The Dallas Movie Screening Group

This is the homepage of the Dallas Movie Screening Group. To join our mailing list you must sign up at our group page on Yahoo. You will then be connected to receive notices on how to find passes to the local screenings in the DFW area. It's up to you to pickup or sign up for passes. You can also barter, trade or just giveaway passes you don't want, need or share with other members of the group. Please read the instructions on the Yahoo page very carefully before posting. This group is closely moderated so that your mail box is not full of spam or other unnecessary mail. We appreciate everyone's consideration and cooperation.

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Website and Group Contact: dalscreenings@gmail.com

Friday, March 15, 2013

Stoker






The invasion of South Korea directors fortunately included Park Chan Wook who brought us the classic Oldboy. In his first American feature he brings his particular vision to the script by Prison Break actor Wentworth Miller and Erin Cressida Wilson (Chole). Every shot is meticulous, soaking in the lush estate and surrounding woods, large round sculpted boulders, and the stylistic perfectly appointed rooms of the house. Even the costumes accentuate the coldness of the family within.

India (Mia Washikowska) doesn't like to be touched. It's disconcerting for her mother Evie (Nicole Kidman) who felt like an outsider as India preferred the company of her father Richard (Dermont Mulroney). It's her 18th birthday. Every year she gets a pair of black and white saddle shoes. In this year's box, there's a key. India always believed it was her father who gave her the shoes. So she wasn't ready to hear that her father was killed in a accident. At the funeral she meets Charlie (Mathew Goode) an uncle that she never knew existed. Her mother tells her that Charlie lived abroad from even before she met Richard. Charlie is full of sympathy and the needy unstable Evie invites him to stay at their house. India doesn't trust him. He's handsome, he's smiling, he genuinely seems to care.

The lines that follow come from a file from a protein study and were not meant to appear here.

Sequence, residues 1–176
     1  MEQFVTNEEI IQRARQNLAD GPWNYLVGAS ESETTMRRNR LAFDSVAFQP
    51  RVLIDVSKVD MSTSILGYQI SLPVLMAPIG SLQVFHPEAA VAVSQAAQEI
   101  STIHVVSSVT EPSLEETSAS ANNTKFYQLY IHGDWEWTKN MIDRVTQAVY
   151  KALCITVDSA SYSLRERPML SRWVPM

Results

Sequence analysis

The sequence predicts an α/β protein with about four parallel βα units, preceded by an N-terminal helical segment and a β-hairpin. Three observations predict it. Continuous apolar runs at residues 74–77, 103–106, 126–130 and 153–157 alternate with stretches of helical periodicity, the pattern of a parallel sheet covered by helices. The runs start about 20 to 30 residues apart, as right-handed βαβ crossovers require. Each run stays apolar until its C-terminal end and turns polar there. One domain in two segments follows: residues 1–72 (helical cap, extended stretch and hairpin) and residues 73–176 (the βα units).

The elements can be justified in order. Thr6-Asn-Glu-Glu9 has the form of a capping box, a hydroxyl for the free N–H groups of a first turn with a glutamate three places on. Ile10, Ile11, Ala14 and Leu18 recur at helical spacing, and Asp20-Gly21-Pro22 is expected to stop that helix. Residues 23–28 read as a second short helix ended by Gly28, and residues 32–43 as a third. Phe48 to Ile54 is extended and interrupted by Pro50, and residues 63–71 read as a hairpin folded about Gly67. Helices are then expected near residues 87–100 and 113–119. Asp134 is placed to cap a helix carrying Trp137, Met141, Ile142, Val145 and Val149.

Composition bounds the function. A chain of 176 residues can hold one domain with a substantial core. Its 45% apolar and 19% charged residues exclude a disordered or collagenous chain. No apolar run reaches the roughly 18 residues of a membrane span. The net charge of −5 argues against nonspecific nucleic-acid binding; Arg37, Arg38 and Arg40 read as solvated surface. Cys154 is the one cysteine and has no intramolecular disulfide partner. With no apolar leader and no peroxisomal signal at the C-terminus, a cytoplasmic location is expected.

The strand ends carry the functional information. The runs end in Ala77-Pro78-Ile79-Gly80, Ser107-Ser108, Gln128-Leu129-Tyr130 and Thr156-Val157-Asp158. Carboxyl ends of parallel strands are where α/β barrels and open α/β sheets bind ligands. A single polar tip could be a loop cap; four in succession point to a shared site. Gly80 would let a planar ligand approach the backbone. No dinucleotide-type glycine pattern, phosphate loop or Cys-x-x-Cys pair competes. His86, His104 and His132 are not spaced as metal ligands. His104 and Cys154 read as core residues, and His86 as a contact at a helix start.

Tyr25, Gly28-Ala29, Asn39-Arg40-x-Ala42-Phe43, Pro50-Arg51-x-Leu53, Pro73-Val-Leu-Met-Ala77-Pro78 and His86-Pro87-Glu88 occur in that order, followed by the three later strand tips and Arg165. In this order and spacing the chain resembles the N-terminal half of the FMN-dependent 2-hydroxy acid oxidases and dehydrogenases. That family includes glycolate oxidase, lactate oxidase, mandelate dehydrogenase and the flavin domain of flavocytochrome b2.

Their housekeeper hasn't returned to the house since the funeral. Evie and India remark that it is strange to the ever smiling Charlie. Aunt Gin (Jackie Weaver) comes by after the funeral when she hears that Charlie has come to the house. Evie has a grunge against Aunt Gin and doesn't want to have a private talk with her. Gin slips her phone number to India. She tells Charlie that she's staying at the Baltimore, but tells the taxi to take her to another place. And for good reason. Little by little the natures of mom, daughter and the uncle are peeled away mostly through the perspective of India.

The performances are very cool and distant. The inherent weirdness of Charlie and India make Evie seem almost normal. Charlie whose good looks and earnestness seem slightly off as he tries to convince India of his sincerity. Especially creepy is the scene where Charlie and India do a duet on the piano the viewer is left wondering if it's India's sexual awakening or her imagination. When she catches her mom making a move on a responsive Charlie she runs away from her house and finds something about her self that she never knew before. There's a moment in the shower that will feel very uncomfortable afterwards.

Compared to Oldboy or Lady Vengeance this is one very repressed film by Park. It's still incredibly beautifully shot with music by Phillip Glass and Nancy Sinatra at choice moments. This Hitchcock type of psychological thriller is like a modern update of 1943's Shadow of a Doubt that had an uncle re-emerge who turns out to be more than what he seems. This not really a movie for everyone. It may be a little too pervy for some audiences. It may not be as satisfying as Oldboy, but it's a solid film and hope to see more of this director.
(Review by reesa)




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